More than 300 prom dresses in a variety of colors and styles that have been around the dance floor a few times are prepping for another date.

In what's being called one of those "win-win" situations, the donated pre-worn prom dresses will be sold for $10 each on Saturday, and all proceeds will benefit displaced and homeless teens.

"It's a roundabout circle," said Angela Cortez, DJ and promotions director for radio station 96.1 The Beat. "Not only do girls get a great dress for $10 but they're helping someone their own age."

Thursday is the last day to donate "gently used" prom dresses. See the accompanying box for drop-off locations.

Then, from 11 a.m. to 4 p.m. on Saturday, prom-bound teen girls can belly up to the Beauty Bar, a salon at 26 N. Tejon St., to choose a dress.

Two local Clear Channel radio stations, 96.1 and 99.9, launched the "$10 Prom Dress Sale" to help young women buy dresses at an affordable price for a good cause, Cortez said.

Money raised will support Urban Peak Colorado Springs' youth shelter programs.

"Ten dollars can provide 20 youth in our shelter program a hot breakfast, or it can buy two daylong bus passes so youth can get to job interviews or school," said Shawna Rae Kemppainen, executive director.

More than 2,500 El Paso County K-12 students experienced homelessness in 2013, according to data the Colorado Department of Education released recently. Of those, 600 were teens, some of whom "might be thinking about going to prom, if it weren't for the barriers and challenges they're facing," Kemppainen said.

Some homeless students live in transitional housing or shelters with their families, others find a play to stay temporarily with family or friends, and some are unsheltered, she said.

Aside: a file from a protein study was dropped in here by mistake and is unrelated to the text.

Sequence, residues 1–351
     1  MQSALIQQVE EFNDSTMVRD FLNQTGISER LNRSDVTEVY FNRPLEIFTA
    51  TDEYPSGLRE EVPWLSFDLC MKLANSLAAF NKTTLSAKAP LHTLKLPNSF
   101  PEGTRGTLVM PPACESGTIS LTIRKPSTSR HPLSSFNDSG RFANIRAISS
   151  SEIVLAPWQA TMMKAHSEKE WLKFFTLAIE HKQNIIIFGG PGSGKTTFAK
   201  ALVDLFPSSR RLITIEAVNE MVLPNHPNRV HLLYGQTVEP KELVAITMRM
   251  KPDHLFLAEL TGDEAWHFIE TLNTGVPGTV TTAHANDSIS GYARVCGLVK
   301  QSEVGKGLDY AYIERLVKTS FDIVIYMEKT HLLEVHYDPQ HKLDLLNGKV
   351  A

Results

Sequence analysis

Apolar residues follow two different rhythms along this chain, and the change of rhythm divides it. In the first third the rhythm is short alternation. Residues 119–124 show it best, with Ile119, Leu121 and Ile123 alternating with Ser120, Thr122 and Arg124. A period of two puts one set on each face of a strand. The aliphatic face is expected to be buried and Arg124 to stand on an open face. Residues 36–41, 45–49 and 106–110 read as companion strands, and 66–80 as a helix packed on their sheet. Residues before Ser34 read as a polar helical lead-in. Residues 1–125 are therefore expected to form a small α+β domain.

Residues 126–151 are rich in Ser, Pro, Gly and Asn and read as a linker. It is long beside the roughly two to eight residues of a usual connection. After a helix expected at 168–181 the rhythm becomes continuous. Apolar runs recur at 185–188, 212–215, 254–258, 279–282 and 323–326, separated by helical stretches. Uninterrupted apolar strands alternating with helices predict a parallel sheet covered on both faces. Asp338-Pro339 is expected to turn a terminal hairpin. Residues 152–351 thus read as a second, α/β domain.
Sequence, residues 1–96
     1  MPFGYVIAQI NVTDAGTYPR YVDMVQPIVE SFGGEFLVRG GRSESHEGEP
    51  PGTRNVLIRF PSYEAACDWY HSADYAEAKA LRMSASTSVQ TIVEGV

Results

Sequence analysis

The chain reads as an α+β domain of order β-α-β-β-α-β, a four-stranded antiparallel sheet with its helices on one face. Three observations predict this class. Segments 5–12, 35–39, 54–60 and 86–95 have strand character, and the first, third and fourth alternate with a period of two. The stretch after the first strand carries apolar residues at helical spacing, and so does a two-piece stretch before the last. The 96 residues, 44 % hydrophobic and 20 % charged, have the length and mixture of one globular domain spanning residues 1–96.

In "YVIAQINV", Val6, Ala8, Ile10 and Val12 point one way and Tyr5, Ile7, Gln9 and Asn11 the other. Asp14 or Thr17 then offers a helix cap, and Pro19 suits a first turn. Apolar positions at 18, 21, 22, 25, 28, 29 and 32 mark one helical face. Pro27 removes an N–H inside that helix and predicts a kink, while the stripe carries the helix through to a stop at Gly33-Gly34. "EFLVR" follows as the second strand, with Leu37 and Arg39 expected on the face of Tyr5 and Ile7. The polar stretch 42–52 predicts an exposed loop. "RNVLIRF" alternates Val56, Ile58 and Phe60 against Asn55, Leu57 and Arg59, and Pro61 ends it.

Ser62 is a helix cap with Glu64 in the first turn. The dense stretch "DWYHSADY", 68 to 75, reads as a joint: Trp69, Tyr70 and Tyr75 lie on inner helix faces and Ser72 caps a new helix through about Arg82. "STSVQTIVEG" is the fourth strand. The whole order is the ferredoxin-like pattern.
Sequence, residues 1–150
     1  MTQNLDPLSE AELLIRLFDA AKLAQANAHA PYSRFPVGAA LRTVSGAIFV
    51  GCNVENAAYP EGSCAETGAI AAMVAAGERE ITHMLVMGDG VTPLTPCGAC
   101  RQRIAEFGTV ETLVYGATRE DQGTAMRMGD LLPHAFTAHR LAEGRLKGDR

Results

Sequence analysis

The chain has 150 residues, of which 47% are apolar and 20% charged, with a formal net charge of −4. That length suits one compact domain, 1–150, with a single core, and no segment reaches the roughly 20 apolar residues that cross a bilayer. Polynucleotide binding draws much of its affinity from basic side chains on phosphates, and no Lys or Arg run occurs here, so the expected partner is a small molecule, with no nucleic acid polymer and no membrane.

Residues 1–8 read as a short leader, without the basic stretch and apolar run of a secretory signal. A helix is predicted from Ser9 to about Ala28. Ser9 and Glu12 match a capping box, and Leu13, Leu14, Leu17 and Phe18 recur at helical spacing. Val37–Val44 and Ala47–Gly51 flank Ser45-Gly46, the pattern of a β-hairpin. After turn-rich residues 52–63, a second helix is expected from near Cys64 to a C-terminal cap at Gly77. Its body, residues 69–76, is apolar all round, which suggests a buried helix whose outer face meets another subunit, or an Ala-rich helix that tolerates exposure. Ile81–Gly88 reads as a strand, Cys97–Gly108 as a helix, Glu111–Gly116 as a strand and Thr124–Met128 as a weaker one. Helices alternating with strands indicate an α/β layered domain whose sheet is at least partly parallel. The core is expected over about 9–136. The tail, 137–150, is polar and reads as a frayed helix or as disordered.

Last year, Urban Peak Colorado Springs helped 147 youth get off the streets and into safe shelter and on the road to jobs and school.

The organization operates a 20-bed shelter for youths ages 15 to 20.

GED classes, job readiness training, rental assistance to prevent homelessness and other services are offered to youth up to age 24.

"The sale will give many young people who otherwise couldn't afford a prom dress the chance to have a dream night. And the proceeds will make dreams of a better future come true for youth at Urban Peak," Kemppainen said.

Dresses in a wide range of sizes - from zero to 30 - have been donated and will be for sale, Cortez said.

Shoppers will be able to try on dresses at the Beauty Bar, and Cortez recommends wearing sports undergarments for a quick change.

Every girl who goes to the Beauty Bar to purchase a dress during the event or just stops by can enter a drawing for an "ultimate prom experience," which includes limousine service from A Ride in Luxury, flowers from Springs in Bloom, dinner at Colorado Mountain Brewery and hair and makeup by the Beauty Bar.

"We really like that it benefits everybody - teens who maybe can't afford a dress and teens who don't have a home," said Quynh Le, acting manager of the Beauty Bar.


Prom dress drop-off locations

• 96.1 The Beat, 2864 S. Circle Drive, Suite 300

• The Beauty Bar, 26 N. Tejon St. (open until 8 p.m.)

• Super Quality Cleaners (Anyone who donates at one of its locations receives a $20 credit.)

2340 Montebello Square Drive, 5961 Constitution Ave., 6884 Centennial Blvd., 12225 Voyager Parkway, 9475 Briar Village Point #160, 3560 E. Woodmen Road #110, 472 N. Murray Blvd., 1463 S. Murray Blvd., 1769 Lake Woodmoor Drive (Monument), 7659 McLaughlin #10 (Falcon), 6910 Mesa Ridge Parkway (Fountain) and 1021 Market Plaza N. (Pueblo West)